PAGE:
To me living waste free, commonly known and referred to throughout the blog as zero waste, means reducing your impact on the environment by creating little to no waste. Here I define waste as any item that can’t be reused, recycled, or composted and is therefore sent to the landfill.
Reducing your waste can seem like a daunting task the first time you hear about it, but it’s actually easy to make small changes that have a big impact. I’ve found that changing my mindset and how I think about consumption and waste was the hardest part. The easy part comes once you’ve made the commitment to reduce the amount you throw in the garbage.
Being zero waste looks different to everyone.
For some living zero waste means creating so little trash that it can fit into a mason jar. For others, it just means striving towards no consumption even if there are some missteps along the way.
The bottom line is that zero waste isn’t a goal, it’s a lifestyle.
This is something I have to remind myself of daily, because I am not perfect. I know how easy it is to be creating no waste for months and then have one day where you go out to eat and order something thinking it will be un-packaged only to find out it’s plastic wrapped. The trick is to not see these situations as failures, but rather as experiences that can be learned from.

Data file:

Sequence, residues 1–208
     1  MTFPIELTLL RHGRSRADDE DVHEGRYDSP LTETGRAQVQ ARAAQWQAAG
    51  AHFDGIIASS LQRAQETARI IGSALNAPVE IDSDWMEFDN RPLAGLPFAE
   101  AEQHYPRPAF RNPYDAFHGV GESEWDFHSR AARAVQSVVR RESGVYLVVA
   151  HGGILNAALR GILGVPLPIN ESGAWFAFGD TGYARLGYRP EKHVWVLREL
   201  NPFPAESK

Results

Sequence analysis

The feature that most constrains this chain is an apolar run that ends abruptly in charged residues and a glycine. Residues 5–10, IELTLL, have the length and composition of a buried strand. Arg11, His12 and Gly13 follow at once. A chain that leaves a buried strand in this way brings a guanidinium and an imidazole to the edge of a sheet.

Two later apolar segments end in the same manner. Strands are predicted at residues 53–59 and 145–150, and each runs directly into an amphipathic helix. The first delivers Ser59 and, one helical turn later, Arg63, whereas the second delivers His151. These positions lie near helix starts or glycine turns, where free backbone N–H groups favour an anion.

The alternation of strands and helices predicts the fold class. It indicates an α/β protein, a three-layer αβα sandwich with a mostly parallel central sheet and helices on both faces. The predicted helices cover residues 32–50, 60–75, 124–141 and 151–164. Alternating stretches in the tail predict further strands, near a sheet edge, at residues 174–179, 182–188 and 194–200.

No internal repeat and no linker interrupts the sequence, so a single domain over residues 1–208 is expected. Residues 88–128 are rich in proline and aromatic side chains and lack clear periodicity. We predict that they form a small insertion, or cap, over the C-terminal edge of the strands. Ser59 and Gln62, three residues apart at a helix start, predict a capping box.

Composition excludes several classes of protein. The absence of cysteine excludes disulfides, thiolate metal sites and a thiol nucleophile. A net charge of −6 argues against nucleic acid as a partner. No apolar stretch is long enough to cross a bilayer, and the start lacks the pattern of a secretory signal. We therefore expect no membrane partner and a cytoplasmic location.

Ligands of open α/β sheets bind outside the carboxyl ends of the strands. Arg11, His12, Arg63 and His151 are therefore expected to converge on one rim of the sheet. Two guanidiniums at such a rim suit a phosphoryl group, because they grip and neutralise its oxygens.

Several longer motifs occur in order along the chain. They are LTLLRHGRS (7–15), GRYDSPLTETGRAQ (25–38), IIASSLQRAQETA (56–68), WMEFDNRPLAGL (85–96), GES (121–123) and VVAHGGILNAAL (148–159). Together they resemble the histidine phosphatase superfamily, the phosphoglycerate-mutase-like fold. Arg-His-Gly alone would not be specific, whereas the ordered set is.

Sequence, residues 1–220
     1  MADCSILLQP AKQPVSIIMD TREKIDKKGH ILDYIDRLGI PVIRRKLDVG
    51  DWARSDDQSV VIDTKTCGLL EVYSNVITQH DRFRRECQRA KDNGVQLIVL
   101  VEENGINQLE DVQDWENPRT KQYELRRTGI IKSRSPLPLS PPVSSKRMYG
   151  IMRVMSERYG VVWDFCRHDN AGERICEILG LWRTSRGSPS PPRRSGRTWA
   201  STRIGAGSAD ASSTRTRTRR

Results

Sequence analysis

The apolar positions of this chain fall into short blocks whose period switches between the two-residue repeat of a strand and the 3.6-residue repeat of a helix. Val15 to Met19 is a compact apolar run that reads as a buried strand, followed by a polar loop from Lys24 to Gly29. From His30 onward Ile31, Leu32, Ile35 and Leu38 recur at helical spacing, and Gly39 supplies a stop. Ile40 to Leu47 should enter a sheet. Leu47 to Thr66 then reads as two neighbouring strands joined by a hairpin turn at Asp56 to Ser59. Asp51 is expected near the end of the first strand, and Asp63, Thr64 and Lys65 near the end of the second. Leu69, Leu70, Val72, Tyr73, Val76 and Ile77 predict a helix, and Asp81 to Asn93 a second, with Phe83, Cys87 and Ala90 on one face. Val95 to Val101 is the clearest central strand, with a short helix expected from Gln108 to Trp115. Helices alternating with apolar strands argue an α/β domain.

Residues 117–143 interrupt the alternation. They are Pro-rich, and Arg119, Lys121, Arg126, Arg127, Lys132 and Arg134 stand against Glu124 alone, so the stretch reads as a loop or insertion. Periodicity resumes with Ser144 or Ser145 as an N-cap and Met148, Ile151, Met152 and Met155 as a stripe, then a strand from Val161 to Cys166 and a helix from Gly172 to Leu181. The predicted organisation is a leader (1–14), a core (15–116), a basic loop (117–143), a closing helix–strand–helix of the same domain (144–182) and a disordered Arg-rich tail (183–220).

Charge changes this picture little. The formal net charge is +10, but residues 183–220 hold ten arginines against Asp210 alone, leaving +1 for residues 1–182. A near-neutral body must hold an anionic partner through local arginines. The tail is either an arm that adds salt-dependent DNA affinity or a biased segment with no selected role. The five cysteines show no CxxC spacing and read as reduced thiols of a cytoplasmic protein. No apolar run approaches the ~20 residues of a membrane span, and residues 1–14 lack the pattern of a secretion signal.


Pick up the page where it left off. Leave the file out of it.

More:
Zero waste isn’t about perfection, it’s about being conscious of what you are consuming and making ecological choices. If there is an option between a plastic bag full of rice and a recyclable box full of rice, go for the box and be sure to recycle! Even if all you can manage is to cut out one piece of trash a day that’s still 365 at the end of the year!
Why go zero waste?
For me, it all comes down to one thing: I don’t want the next generation to have to live with my trash. I want to be a part of the solution so that every generation can enjoy the earth’s beauty instead of the massive landfills we are carving into it.
Everyone has their own reason to care. If you can’t seem to find one, take a trip to your local dump (or just search for photos on Google). It’s ugly and bad for the planet, and these storehouses for our waste are growing every day.
If you’re looking for more zero waste inspiration check out the people who originally inspired me: